Age has diminished my driving. For years and years, sports trips put a monthly average of 3,000 kilometres on my cars. Since leasing my latest Camry in 2015, the figure has dropped to just under 700 a month.
Yet during the weekend before Halloween, I added 660 — two round-trips between Dartmouth and New Glasgow. It included driving in early morning darkness, some sections in thick fog. It included slippery patches after a slight overnight snow. One return trip had an hour-and-a-half standstill at an accident scene.
But every kilometre was worth it.
My destination both days was a hockey tournament at the Pictou County Wellness Centre. And what I got for my $5 pass was the best minor hockey entertainment I’ve had in a long time.
It wasn’t games featuring older players that brought me there. It was competition involving nine- and 10-year-olds. The only males on the ice were the officials.
Yes, I was there to see atom AA girls participating at the seventh annual Subway Cup.
In all, there were five atom teams, six peewee teams, 11 bantam clubs and 11 midget squads. There were 550 players on 33 rosters. With 63 games, matches were played at the Wellness Centre and the Hector Arena in Pictou.
And it was all girls.
From the opening faceoffs to the final plays of the games I came to see, I made sure I didn’t miss a single pass, a single shot.
It was great action.
There was a reason I was in attendance at the first game on what was a busy time featuring atom, peewee, bantam and midget teams from across the Maritimes.
My nine-year-old granddaughter Anna plays right wing on the Metro East Inferno.
There was another objective to get to the opener. Retired school teacher Dave Scott — one of my best friends on this planet — has a granddaughter, Evelyn, on the host Subway Selects.
Like a perfect movie script, Anna’s and Evelyn’s teams were facing one another for the first time in their young careers. For the grandfathers, it was almost a wee Stanley Cup showdown.
Dave, a retired teacher, was born at the old Aberdeen Hospital off Stellarton Road the same day my sister Barbara arrived. They were roommates the first couple nights of their lives. Dave and I could almost be called relatives of some sort.
He and I have been opponents in hockey for something like 60 years — first while making small wagers on our favourite hockey and baseball teams, then for the last 20 or so years, we’ve been managing our rosters in fantasy leagues. Talk about rivalries!
Anyway, back to the Subway Cup.
The matchup couldn’t have been better for the two grandfathers — and grandmother Kathy Scott — as the puck dropped.
The welcome message to the participants and fans in the tournament program couldn’t have been better worded: “Play hard and have fun.”
That’s exactly what the girls did.
Every shift, every play, they showed they were having fun. And play hard? They couldn’t have played any harder, regardless of age.
That so-called Townsend-Scott showdown was filled with exciting plays. There were plenty of good scoring chances but it was 0-0 after the first period, 0-0 after the second, and still scoreless well into the third.
Then Anna made a rush, crossed in front of the net and put the winning goal into the twines. A happy Dartmouth grandfather, silenced at sports events during 65 years in press boxes, actually let out a holler.
I went home happy.
I had no plans to come back. Too much driving. But Anna’s folks, like the other parents and siblings on the Dartmouth-based team, were there for the whole show.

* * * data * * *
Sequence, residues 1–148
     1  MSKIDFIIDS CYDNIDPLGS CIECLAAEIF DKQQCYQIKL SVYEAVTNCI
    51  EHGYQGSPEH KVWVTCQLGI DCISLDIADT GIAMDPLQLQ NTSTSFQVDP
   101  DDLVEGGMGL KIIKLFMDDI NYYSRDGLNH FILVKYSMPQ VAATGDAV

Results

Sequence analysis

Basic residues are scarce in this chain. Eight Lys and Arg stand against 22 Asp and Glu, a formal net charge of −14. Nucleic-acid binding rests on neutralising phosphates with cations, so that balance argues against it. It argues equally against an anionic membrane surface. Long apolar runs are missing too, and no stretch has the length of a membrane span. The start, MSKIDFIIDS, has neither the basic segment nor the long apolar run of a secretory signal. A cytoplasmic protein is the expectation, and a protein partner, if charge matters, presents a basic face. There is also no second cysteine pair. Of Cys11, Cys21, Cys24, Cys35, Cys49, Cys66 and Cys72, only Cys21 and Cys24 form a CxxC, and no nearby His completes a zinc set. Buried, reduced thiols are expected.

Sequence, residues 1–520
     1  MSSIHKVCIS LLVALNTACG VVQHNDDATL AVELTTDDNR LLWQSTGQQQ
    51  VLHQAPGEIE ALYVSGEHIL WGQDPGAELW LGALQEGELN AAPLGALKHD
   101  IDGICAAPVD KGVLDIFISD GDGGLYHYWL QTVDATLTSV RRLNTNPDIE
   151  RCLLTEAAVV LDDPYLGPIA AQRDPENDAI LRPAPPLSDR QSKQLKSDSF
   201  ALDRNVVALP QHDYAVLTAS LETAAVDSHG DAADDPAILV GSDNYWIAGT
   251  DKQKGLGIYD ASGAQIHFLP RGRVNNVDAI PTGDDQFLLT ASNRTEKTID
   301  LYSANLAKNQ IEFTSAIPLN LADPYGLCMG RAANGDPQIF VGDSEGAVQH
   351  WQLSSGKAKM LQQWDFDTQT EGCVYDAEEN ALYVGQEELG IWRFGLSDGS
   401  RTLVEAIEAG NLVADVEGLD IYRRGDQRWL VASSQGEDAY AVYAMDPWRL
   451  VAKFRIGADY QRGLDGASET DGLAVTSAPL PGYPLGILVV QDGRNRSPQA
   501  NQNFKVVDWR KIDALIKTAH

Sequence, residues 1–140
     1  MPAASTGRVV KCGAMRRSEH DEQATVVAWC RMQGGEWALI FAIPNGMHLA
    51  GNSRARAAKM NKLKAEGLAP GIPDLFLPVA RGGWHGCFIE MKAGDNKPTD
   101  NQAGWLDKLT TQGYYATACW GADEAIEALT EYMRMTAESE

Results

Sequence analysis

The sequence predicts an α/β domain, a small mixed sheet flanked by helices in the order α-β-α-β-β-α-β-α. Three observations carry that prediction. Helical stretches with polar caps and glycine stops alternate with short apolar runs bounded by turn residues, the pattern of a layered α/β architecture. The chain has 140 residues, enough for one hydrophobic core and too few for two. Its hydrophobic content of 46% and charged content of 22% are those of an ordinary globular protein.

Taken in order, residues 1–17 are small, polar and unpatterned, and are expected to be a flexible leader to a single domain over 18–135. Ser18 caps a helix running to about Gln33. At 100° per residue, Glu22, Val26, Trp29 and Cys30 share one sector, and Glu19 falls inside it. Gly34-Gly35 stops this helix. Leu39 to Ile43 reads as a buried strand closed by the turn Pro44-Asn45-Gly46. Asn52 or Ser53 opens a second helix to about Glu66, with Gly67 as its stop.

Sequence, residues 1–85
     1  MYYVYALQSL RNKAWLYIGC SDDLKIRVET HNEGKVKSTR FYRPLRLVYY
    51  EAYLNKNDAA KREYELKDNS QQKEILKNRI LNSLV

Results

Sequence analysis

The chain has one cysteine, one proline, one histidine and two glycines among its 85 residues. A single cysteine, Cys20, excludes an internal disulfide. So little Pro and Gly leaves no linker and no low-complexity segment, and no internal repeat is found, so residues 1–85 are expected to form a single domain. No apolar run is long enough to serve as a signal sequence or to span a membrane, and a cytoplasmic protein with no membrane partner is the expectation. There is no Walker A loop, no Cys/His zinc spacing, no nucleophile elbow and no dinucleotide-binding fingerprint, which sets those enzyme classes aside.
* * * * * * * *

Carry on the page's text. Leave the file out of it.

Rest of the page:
Sometimes plans change. The Inferno went undefeated and reached the atom championship game against a second place club from P.E.I.
I was back on the road Sunday at 6 a.m.
So what happened? The final went scoreless through regulation. That meant 3-on-3 overtime. The extra session went less than a minute before Anna and her teammates got the needed tally.
The well-known victory song “We Are the Champions” boomed over the loud speaker and the championship trophy was presented to team captain Mya MacCormick.
Gold medals went to members of the Mike Cutcliffe-coached team: Madison MacMillan, Mya MacCormick, Paige Andrews, twins Rowan and Riley Cutcliffe, Ida Tollefsen, Lyla Boychuk, Sophie Cormier, Molly MacCarthy, Sadie Walter, Gabrielle LaPierre, Grace Estabrooks, Lacey Poirier, Marin MacNeil, Madison Malcolm, Lily Williams and, yes, Anna Townsend.
Evelyn and her local Subway Selects?
The Keith Guitard-coached club representing the hometown was capably represented by Chelsea Boyle, Samantha Guitard, Kaylee Hollis, Bailee Kontuk, Ashtyn MacHattie, Lexi MacIntyre, Evelyn MacLeod, Molly Marchand, Ada Martin, Lydia Mason, Addison Smith, Madelyn Spence, Rogan Vint, Allison Webster and, of course, Evelyn Scott.
The locals demonstrated the closeness of the atom division. Finishing third, they missed the title game with the Inferno by a single point. A break here or there and they could very easily have reached the championship contest.
During round-robin play, the two granddaughters, Anna and Evelyn, were awarded game MVP awards.
The rivalry is getting interesting.
I’ve been to many minor hockey events across the province and, to be objective, I can’t remember any that were better organized. It made me feel good about my old hometown. As I drove home, I had nothing but good thoughts on my mind.
The event was a clear example of how much girls hockey has improved, in Nova Scotia as elsewhere.
I think back to my Pictou County working years in the 1950s and ’60s. I may be mistaken, but I can’t remember any girls playing hockey then.
When our daughter was growing up in Cole Harbour with two hockey-playing brothers, she was in ringette because girls hockey hadn’t yet become a viable alternative.
Now girls hockey is everywhere. And, boy, how they’re embracing the sport.